Risk Factors for Vitamin D, Zinc, and Selenium Deficiencies in Korean Patients with Inflammatory Bowel Disease.
Gut Liver. 2017 May 15;11(3):363-369. doi: 10.5009/gnl16333.
Han YM1,2, Yoon H3, Lim S3, Sung MK4, Shin CM3, Park YS3, Kim N1,3, Lee DH1,3, Kim JS1,2.
- Zinc category listing has
23 items along with related searches
Map from the Zinc category pages suggests that IBD Zinc deficiency is not constant around the world
Note: This 2017 study was from Korea, where they appear to have little Zinc in their crops
Overview Gut and vitamin D contains the following summary
- Gut problems result in reduced absorption of Vitamin D, Magnesium, etc.
- Celiac disease has a strong genetic component.
- Most, but not all, people with celiac disease have a gene variant.
- An adequate level vitamin D seems to decrease the probability of getting celiac disease.
- Celiac disease causes poor absorption of nutrients such as vitamin D.
- Bringing the blood level of vitamin D back to normal in patients with celiac disease decreases symptoms.
- The prevalence of celiac disease, not just its diagnosis, has increased 4X in the past 30 years, similar to the increase in Vitamin D deficiency.
- Review in Nov 2013 found that Vitamin D helped
- Many intervention clinical trials for vitamin D to prevent or treat Gut problems (93 trials listed as of Jan 2017)
- All items in category gut and vitamin D
Gut category listing contains the following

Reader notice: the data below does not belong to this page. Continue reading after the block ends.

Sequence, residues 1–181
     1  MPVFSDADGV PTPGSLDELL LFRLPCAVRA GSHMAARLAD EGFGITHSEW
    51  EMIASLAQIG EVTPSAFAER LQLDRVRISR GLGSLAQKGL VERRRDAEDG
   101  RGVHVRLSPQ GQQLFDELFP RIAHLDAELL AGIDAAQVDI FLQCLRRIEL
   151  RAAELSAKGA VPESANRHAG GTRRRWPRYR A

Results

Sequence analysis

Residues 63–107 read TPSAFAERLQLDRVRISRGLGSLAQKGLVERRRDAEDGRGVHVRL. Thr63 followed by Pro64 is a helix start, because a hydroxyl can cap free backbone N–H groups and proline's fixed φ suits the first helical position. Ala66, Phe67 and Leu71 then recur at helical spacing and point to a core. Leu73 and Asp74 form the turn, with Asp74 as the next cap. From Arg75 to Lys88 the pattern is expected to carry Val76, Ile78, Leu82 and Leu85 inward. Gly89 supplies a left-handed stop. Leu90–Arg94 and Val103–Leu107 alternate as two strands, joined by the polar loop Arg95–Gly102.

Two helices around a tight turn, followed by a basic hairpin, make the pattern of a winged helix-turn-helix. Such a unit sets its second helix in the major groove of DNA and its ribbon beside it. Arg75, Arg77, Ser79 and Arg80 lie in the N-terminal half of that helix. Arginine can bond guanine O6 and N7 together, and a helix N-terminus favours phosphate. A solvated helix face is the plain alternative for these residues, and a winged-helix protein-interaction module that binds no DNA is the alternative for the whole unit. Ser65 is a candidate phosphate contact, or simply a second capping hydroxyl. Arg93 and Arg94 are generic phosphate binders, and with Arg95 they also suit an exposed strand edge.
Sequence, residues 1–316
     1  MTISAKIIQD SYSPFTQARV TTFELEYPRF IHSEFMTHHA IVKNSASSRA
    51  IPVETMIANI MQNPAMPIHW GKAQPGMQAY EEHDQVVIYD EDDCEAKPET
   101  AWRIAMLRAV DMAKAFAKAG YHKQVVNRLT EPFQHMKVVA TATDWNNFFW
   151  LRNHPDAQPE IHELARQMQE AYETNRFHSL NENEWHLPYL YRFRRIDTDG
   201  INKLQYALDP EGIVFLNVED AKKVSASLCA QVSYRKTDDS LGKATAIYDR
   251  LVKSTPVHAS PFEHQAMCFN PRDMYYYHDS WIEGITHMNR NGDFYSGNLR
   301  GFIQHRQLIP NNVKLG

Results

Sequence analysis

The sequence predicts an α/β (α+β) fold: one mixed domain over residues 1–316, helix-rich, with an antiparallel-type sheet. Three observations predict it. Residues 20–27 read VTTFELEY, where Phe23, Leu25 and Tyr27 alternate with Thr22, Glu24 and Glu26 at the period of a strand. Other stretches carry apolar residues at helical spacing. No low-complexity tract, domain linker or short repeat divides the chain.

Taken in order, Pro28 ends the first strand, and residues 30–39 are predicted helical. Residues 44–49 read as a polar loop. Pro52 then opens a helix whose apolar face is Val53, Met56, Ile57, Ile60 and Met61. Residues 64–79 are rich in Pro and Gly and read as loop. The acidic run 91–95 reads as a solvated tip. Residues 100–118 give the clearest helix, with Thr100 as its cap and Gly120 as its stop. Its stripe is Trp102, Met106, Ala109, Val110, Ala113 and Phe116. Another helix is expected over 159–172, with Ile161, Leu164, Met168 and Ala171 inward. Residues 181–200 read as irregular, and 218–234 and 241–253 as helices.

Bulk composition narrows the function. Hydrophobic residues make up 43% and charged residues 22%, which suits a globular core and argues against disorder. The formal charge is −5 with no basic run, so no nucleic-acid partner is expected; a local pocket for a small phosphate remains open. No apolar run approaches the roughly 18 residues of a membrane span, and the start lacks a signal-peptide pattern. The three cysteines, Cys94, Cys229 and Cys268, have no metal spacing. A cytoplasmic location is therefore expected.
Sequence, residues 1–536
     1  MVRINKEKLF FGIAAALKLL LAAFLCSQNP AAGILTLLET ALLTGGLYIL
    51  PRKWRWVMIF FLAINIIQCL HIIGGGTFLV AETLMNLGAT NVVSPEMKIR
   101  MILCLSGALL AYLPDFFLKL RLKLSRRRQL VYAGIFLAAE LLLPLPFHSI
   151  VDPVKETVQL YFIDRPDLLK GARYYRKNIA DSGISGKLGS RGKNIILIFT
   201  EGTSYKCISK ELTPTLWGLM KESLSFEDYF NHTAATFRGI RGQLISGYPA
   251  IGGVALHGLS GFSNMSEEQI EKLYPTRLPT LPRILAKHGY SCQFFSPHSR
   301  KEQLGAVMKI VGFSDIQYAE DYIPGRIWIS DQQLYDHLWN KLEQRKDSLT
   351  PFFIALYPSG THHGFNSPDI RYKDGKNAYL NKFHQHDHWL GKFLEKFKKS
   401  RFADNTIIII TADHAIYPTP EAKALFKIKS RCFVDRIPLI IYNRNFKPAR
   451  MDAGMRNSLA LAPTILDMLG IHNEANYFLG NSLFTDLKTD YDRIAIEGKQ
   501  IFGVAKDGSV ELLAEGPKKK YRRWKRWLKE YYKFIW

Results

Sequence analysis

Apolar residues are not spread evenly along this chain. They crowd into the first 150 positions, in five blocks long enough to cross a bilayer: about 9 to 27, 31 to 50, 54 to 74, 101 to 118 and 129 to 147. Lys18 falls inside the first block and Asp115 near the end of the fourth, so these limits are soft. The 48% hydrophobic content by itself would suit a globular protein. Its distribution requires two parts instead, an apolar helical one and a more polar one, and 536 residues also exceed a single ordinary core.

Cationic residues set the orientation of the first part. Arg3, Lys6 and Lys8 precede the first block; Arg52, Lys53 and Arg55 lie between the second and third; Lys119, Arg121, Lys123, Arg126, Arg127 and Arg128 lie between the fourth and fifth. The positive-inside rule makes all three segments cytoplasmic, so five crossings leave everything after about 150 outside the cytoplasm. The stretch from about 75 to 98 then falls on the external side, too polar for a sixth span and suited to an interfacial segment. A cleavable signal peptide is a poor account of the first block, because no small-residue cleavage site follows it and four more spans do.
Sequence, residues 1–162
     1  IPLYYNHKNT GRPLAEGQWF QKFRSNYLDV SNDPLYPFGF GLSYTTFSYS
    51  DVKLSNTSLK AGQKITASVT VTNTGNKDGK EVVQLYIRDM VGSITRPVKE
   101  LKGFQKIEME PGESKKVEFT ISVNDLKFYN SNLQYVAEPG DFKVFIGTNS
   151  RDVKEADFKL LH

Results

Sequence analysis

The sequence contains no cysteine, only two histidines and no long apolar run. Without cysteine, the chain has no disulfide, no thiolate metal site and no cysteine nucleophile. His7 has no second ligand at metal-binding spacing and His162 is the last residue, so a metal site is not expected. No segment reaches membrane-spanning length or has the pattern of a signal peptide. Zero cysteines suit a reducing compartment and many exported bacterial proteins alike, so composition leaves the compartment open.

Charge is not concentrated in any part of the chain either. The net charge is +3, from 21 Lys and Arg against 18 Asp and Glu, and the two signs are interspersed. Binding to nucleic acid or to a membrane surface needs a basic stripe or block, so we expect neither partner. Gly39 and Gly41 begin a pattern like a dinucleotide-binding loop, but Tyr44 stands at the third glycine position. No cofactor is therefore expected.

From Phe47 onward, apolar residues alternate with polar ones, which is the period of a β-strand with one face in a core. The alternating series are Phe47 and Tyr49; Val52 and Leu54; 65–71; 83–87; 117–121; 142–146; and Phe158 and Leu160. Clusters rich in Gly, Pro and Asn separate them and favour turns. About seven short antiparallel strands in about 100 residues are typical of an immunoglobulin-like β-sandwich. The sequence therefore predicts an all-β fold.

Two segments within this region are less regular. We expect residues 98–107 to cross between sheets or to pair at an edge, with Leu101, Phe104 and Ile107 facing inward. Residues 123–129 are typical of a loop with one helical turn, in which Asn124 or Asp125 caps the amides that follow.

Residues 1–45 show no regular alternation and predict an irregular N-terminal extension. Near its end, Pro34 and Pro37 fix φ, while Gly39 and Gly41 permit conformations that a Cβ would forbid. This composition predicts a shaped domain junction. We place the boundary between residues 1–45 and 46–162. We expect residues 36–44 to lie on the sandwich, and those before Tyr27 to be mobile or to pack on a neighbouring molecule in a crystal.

115 items in GUT category - see also Overview Gut and vitamin D,
- "Ulcerative Colitis" OR UC 447 items Feb 2018
- "celiac disease" OR CD 1280 items Feb 2018
- "inflammatory bowel disease" OR "inflammatory bowel symptom" 504 as of Jan 2018
- Search VitaminDWiki for Crohn's 797 items as of Feb 2018
- Gut-Friendly forms of vitamin D
such as: bio-emulsion, topical, spray, sublingual, inhaled, injection . .
< 40 years, 3.7 X more likely to have low Zinc
" patients younger than 40 years were at increased risk for zinc deficiency (RR, 3.683; 95% CI, 1.152 to 11.777; p=0.028) "
Females 4.9 X more likely to have low Selenium
"Female sex (RR, 4.871; 95% CI, 1.352 to 17.544; p=0.015) and low serum albumin levels (<3.3 g/dL; RR, 10.346; 95% CI, 1.035 to 103.447; p=0.047) were independent risk factors for selenium deficiency by multivariate logistic regression analysis"
Studies on the micronutrient status of Asian patients with inflammatory bowel disease (IBD) are scarce. We evaluated the prevalence of micronutrient deficiency and verified the risk factors for micronutrient deficiency in Korean patients with IBD.
We measured the serum levels of 25-hydroxyvitamin D3 [25-(OH)D], zinc, and selenium to analyze the clinical risk factors for micronutrient levels below the reference values. In addition, we compared the 25-(OH)D levels of patients with IBD to those of age- and sex-matched healthy controls.
Among the 83 patients, 74 (89.2%) had suboptimal serum 25-(OH)D levels. The mean plasma 25-(OH)D level in patients with IBD was significantly reduced compared to that of the healthy controls (12.3±6.2 ng/mL vs 20.0±6.7 ng/mL; p<0.001).
The proportions of patients with lower serum zinc and selenium levels were 39.0% and 30.9%, respectively. Female sex (p=0.012) and Crohn's disease (p=0.012) were associated with vitamin D deficiency.
Patients younger than 40 years were at increased risk for zinc deficiency (p=0.045).
Female sex (p=0.015) and low serum albumin level (<3.3 g/dL) (p=0.047) were risk factors for selenium deficiency.
Many Korean patients with IBD have vitamin D, zinc, and selenium deficiencies, suggesting the necessity for monitoring levels of these micronutrients.
PMID: 28208007 PMCID: PMC5417778 DOI: 10.5009/gnl16333
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